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Prof Melati Nungsari: “What Can I Do That Helps Solve Problems?”

Prof Melati Nungsari, Assistant Professor of Economics at ASB and International Faculty Fellow at MIT, is a microeconomist who focuses on industrial organization and labor economics. She found herself pursuing topics of income distribution, how people get jobs, and skills matching, by asking herself: “What can I do that helps solve problems?” At ASB, she found the opportunity to combine her interests and microeconomics lens to solve pressing regional challenges.

“If I was going to give up my job [in the US] and move back home, I wanted to have a broad impact. I got involved with supporting undocumented migrants and refugees and youth unemployment in Malaysia, as those are big issues here,” said Melati. Since joining ASB, she’s led research projects involving supporting undocumented migrants and reducing youth unemployment in Malaysia.

Equipping at-risk youths with entrepreneurial skills

Since 2019, Melati has trained hundreds of at-risk Malaysian youths in entrepreneurship under RYSE (Rapid Youth Success Entrepreneurship), a project she founded and leads. The inspiration for RYSE came from a course that Melati took at MIT on training entrepreneurs to succeed. Inspired by Prof Scott Stern’s work, she pivoted her research towards youth entrepreneurship, when she realized that youth unemployment is a significant issue in Malaysia.

In Malaysia, the youth unemployment rate stands at 11.72% as of 2020, making Malaysia the country with the second highest unemployment rate in Southeast Asia. Melati launched RYSE, aiming to build a curriculum similar to MIT’s, but more localized and accessible for Malaysian youth. She also took a research-based approach it RYSE, gathering data that would help in understanding how to improve entrepreneurial outcomes.

“We started with training urban youth, and have since extended our reach to rural areas in Malaysia, such as Semporna in Borneo.” RYSE also empowers promising young entrepreneurs with seed funding and coaching to launch their ventures. For three consecutive years, the Citi Foundation has funded RYSE, marking almost MYR2mil in funding to date.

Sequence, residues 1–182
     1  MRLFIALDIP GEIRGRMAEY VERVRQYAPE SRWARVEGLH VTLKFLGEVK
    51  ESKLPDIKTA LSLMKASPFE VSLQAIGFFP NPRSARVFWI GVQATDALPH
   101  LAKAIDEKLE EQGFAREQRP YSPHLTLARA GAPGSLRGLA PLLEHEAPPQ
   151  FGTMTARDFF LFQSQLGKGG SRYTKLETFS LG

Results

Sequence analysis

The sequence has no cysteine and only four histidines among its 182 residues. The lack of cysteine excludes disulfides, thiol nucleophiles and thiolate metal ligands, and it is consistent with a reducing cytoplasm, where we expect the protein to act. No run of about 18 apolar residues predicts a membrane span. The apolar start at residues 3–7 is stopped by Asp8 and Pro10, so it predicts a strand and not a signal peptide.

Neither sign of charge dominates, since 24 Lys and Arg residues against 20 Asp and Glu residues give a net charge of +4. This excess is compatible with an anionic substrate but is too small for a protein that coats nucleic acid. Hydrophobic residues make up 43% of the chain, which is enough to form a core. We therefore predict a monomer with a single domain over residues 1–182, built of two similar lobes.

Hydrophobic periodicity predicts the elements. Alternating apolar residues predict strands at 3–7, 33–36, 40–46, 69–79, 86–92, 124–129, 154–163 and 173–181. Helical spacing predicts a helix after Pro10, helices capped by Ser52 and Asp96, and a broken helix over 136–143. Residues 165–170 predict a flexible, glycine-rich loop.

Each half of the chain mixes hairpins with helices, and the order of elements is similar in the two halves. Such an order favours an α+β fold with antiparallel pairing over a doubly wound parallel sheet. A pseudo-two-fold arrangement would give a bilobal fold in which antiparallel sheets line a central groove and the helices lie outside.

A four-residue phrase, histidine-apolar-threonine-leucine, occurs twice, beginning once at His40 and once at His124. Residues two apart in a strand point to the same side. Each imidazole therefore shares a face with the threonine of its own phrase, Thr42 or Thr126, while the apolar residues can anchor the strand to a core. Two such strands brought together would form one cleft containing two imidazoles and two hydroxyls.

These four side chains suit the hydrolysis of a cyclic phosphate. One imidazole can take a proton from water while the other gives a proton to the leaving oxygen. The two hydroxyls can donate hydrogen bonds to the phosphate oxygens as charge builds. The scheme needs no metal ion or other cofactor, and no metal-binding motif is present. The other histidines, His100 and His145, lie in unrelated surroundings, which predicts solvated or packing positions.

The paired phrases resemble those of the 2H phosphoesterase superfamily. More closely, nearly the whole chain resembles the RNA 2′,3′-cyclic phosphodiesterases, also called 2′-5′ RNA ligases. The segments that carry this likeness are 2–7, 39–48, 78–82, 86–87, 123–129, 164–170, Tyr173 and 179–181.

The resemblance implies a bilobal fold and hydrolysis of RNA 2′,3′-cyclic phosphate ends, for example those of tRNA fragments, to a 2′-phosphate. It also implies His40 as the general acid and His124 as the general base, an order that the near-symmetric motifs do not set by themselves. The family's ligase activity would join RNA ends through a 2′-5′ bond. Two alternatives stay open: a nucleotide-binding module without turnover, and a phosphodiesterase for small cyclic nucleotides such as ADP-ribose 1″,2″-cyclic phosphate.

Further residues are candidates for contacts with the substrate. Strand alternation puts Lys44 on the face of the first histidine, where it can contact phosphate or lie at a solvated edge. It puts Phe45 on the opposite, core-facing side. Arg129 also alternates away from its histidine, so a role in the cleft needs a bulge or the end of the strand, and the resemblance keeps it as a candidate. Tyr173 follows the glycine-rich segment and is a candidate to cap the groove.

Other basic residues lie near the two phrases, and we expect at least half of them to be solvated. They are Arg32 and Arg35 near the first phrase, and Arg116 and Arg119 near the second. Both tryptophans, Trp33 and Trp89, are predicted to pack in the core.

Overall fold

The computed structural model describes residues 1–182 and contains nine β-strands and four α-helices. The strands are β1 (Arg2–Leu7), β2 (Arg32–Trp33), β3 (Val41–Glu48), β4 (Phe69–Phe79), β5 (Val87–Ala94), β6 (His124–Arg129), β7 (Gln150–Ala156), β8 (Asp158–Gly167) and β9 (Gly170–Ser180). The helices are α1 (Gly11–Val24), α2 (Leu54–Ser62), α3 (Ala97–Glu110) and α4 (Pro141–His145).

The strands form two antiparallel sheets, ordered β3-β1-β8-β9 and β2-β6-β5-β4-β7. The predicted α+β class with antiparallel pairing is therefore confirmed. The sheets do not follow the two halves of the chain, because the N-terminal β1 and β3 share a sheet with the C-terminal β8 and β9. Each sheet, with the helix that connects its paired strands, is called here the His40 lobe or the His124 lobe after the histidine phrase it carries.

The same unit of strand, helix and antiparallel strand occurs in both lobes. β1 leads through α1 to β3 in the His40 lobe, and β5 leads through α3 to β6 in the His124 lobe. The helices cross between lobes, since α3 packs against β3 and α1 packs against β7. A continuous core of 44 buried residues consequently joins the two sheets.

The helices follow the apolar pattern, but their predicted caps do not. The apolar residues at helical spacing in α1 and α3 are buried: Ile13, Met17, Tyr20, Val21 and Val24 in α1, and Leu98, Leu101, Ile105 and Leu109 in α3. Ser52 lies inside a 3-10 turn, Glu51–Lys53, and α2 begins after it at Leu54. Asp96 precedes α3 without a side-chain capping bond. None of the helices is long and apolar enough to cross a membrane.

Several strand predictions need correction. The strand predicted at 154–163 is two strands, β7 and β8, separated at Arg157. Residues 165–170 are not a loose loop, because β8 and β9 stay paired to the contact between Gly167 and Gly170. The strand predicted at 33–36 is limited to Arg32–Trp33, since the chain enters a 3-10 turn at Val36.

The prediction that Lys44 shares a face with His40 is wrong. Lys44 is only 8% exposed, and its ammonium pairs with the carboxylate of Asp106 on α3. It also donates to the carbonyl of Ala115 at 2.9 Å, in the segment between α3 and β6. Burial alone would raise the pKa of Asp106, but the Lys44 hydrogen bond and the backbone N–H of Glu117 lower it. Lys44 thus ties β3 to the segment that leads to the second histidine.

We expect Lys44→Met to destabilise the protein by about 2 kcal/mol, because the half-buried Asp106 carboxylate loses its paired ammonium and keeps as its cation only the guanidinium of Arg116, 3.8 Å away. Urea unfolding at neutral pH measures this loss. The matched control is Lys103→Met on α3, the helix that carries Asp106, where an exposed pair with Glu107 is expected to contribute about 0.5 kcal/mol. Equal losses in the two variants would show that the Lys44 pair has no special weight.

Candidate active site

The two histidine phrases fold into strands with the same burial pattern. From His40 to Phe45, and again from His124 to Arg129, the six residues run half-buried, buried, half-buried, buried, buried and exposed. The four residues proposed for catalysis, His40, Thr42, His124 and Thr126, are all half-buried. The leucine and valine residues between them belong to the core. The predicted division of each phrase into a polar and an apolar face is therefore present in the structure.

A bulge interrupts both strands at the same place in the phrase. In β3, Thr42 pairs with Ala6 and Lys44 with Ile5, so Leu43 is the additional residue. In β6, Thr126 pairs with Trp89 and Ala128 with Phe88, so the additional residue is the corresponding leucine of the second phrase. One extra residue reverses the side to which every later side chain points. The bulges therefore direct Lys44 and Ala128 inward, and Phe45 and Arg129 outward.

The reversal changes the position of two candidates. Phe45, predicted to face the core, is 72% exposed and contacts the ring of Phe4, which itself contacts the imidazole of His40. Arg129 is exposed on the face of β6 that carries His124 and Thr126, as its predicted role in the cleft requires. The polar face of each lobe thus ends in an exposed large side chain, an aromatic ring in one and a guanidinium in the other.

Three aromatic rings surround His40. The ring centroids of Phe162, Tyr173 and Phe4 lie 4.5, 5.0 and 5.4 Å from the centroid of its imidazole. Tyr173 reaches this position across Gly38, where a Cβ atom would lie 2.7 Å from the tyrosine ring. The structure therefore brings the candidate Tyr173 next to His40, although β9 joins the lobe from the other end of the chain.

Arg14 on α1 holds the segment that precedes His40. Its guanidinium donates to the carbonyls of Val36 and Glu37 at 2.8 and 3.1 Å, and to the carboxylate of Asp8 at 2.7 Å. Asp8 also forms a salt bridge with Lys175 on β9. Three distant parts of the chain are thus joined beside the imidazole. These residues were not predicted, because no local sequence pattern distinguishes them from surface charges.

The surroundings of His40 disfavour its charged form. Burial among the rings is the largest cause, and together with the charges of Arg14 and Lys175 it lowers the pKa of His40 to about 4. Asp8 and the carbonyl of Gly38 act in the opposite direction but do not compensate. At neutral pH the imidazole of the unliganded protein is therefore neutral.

Advocating for refugees, migrant workers, and vulnerable groups

Melati has also been instrumental in driving partnership between ASB and the United Nation High Commission for Refugees (UNHCR) to support refugee advocacy in Malaysia. As of end March 2021, there are 178,920 refugees and asylum-seekers registered with UNHCR in Malaysia. Through a series of Research Workshops on Refugee Studies and Forced Migration, held since 2018, ASB and UNHCR are promoting dialogue among academics on these topics.

In 2018, Melati, together with Prof. Sam Flanders from ASB and peers from Universiti Putra Malaysia, published a free textbook with UNHCR Malaysia to teach refugees conversational Malay language. Simultaneously, Melati and Sam are conducting an ongoing project to measure the impact of language training on the economic and social outcomes of refugees.

During 2020, Melati also received a WHO (World Health Organization) research grant and was engaged by the UN Development Fund to study the effects of the pandemic on vulnerable groups and human rights in Malaysia.

Melati is also Faculty Director for the Maybank-endowed ASEAN Research Center. “We were given a USD5mil grant to start this center to fill the gap in research on ASEAN-specific issues.” The Center’s first flagship project, launched in 2021, focuses on understanding how Covid-19 has affected small businesses and roadside hawkers throughout Malaysia.

Educating future CEOs on worker and social issues

This research work informs Melati’s classroom approach. “I ask students to think beyond managerial considerations – to leadership and strategic issues, like labor rights and social justice considerations.” For instance, during the pandemic, there were “problematic issues with worker management – leading to outbreaks and clusters,” emphasized Melati. She believes these circumstances were due in part to “a lack of understanding of how life is for workers.”

When teaching, she aims to educate her students, who may become future CEOs and founders, so that “when they lead companies, they don’t overlook these issues.” These issues are pertinent for any business leader, emphasized Melati.

“We are seeing a rise of conscious capitalism – consumers are demanding that brands align with their values. More global brands are aligning with social issues. Businesses need to understand the labor aspect of business, as worker issues have an impact on brand reputation and sales. Businesses have a big role to play in solving these issues.”

Read the full article here.
This article was originally published on South China Morning Post.